Property Prices in Malaysia at Least Five Times Lower Than in HK
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The current riots and unrest in Hong Kong which began about five months ago have definitely driven more Hongkongers to look for a second home overseas at least until calm returns to the ex-British colony. However, that is not the only reason for the greater attention Malaysian properties have been getting from Hong Kong residents, offers Hartamas Real Estate Group managing director Eric Lim.
“Interest towards Malaysian properties was already on the uptrend, especially after the travel show hosted by Hong Kong artist Chapman To called Pick me up to Malaysia went on air end-April,” he adds.
In this 15-episode Cantonese travel show produced by Hong Kong ViuTV, To visits interesting places in Malaysia such as a durian orchard, a fish farm and hipster cafes and bars as well as popular restaurants.
Hong Kong travel show fuelled interest
In one of the episodes, To visited an owner of a bungalow villa in Ipoh and discussed how tough it was to own a property in Hong Kong. This episode resonated with many Hong Kong folks and gained over 1.5 million views and close to 15,000 shares on its Facebook teaser video posting.
Starcity Global managing director Florence Ten concurs that there have been more enquiries on the Malaysia My Second Home (MM2H) scheme and about living in Malaysia from Hong Kong residents since the travel show.
Starcity Global is a MM2H agency that has an office in Hong Kong to provide information about the scheme and familiarisation tour packages to prospective foreign buyers of property in Malaysia.
“We used to organise MM2H seminars about once a month with a turn-out of around 70 people. But after the show went on air, we have over 100 people coming to the seminar. They even don’t mind standing for two hours to listen to the seminar,” Ten says.
And now, with the prevailing violent protests creating chaos to the economy, the Hong Kong office has been getting non-stop phone calls or social media messages from people enquiring about the MM2H programme.
What’s more, she now has to fly to Hong Kong every two weeks as the seminars have been increased to four sessions on the weekends every two weeks catering to more than 400 participants.
Familiarisation tours getting popular
Ten also notes that the number of people taking up the familiarisation trips to Malaysia has also increased to an average of two families a week, from only a few families over several months previously.
“I have just attended to seven families from Hong Kong in one week, and I just sent off four groups this morning,” she says.
As an MM2H agency, the company is allowed to organise short familiarisation trips (less than a week) for interested overseas residents to visit Malaysia in small groups of not more than 10 people.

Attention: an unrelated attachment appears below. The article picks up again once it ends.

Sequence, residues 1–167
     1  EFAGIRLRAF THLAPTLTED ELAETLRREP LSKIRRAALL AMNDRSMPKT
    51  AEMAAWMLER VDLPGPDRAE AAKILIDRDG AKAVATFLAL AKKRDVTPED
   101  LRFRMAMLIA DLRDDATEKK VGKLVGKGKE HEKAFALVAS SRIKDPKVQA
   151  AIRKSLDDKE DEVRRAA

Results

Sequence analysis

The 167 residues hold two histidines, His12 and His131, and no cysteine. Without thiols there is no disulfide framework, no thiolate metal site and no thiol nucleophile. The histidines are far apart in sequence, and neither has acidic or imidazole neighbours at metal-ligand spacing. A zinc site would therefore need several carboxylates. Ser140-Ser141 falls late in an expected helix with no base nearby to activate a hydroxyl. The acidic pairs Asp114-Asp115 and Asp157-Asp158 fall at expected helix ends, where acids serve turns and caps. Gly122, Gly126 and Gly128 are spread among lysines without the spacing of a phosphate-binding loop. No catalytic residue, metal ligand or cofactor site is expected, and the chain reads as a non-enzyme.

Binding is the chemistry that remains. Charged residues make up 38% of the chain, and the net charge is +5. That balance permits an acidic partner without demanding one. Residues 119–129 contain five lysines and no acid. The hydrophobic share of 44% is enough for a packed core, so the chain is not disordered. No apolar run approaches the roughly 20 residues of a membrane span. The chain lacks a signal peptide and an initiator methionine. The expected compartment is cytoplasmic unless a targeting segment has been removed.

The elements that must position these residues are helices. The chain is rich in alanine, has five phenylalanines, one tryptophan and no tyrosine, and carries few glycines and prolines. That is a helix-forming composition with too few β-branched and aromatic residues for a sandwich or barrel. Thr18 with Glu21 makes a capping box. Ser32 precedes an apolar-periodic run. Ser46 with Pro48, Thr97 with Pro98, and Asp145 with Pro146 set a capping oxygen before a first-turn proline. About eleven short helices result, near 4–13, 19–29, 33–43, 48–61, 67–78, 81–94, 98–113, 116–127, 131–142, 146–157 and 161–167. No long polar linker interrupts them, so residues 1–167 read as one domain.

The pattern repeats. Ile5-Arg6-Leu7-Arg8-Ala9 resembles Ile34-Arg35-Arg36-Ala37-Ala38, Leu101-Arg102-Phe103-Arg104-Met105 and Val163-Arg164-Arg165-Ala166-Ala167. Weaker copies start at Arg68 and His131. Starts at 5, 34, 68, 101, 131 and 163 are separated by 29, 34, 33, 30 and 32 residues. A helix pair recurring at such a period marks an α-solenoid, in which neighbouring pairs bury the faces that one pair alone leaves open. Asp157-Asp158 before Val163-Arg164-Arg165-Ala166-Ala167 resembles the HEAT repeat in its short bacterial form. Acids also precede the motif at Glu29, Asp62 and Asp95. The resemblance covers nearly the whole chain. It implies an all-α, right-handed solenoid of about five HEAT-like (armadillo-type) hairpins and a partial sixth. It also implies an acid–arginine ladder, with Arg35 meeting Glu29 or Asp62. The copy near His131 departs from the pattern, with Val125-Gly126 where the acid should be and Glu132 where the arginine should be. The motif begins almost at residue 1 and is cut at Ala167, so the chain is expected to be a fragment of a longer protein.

Unlike the normal tour packages, the MM2H familiarisation tours are more for the foreigners to envision how their daily lives in Malaysia would be.
For instance, the itinerary will include medical or dentist check-ups, visits to schools, the pasar pagi and pasar malam, the neighbourhood supermarket, some tourist spots, popular foods and experiencing the public transportation or e-hailing services in the country.
“This is to let them have a feel of what it would be like to stay in Malaysia. I have helped more than 30 Hong Kong families settle down in Malaysia. Most of them will start by renting a unit, but eventually a majority of them will choose to purchase a property after they have found their preferred locations,” she adds.
Weakened ringgit an advantage
Lim from Hartamas and Ian Chen, CEO of Jalin Realty International believe Hong Kong people are now looking at countries that offer growth opportunities, not only for property investments but also for business.
“The weakened ringgit has actually made Malaysia more attractive than other countries in the region,” says Chen.
He adds that Malaysia’s well-planned township developments that offer ample amenities including schools and medical centres make Malaysia an ideal second home destination for foreign citizens.
Lim notes that property prices in Malaysia are at least five times less than those in Hong Kong. Coupled with the wide range of property choices and availability of property financing, Malaysia becomes even more appealing.
“Currently, we have more than 150 Hong Kong buyers and lately, there have been more new enquiries for our developments in Kuala Lumpur city centre and other affluent neighbourhoods,” Lim says.
Ten from Starcity Global concludes that Hongkongers who moved to Malaysia mainly have three objectives — to provide a more well-rounded education for their children, as a place to retire and for property investment.
“Many say that the education environment in Hong Kong is too competitive and stressful for their kids. Hence a pleasant living environment with quality education within walking distance or short drive, is often the ideal choice for them,” says Ten.
As for retirees, they will look for places with easy access to public transportation and close to medical centres and daily amenities.
“There are also those who are looking for a vacation home that could also serve as an investment asset — for rental income or capital appreciation. For this group, well-established areas with mature infrastructure development will be their choice,” she adds.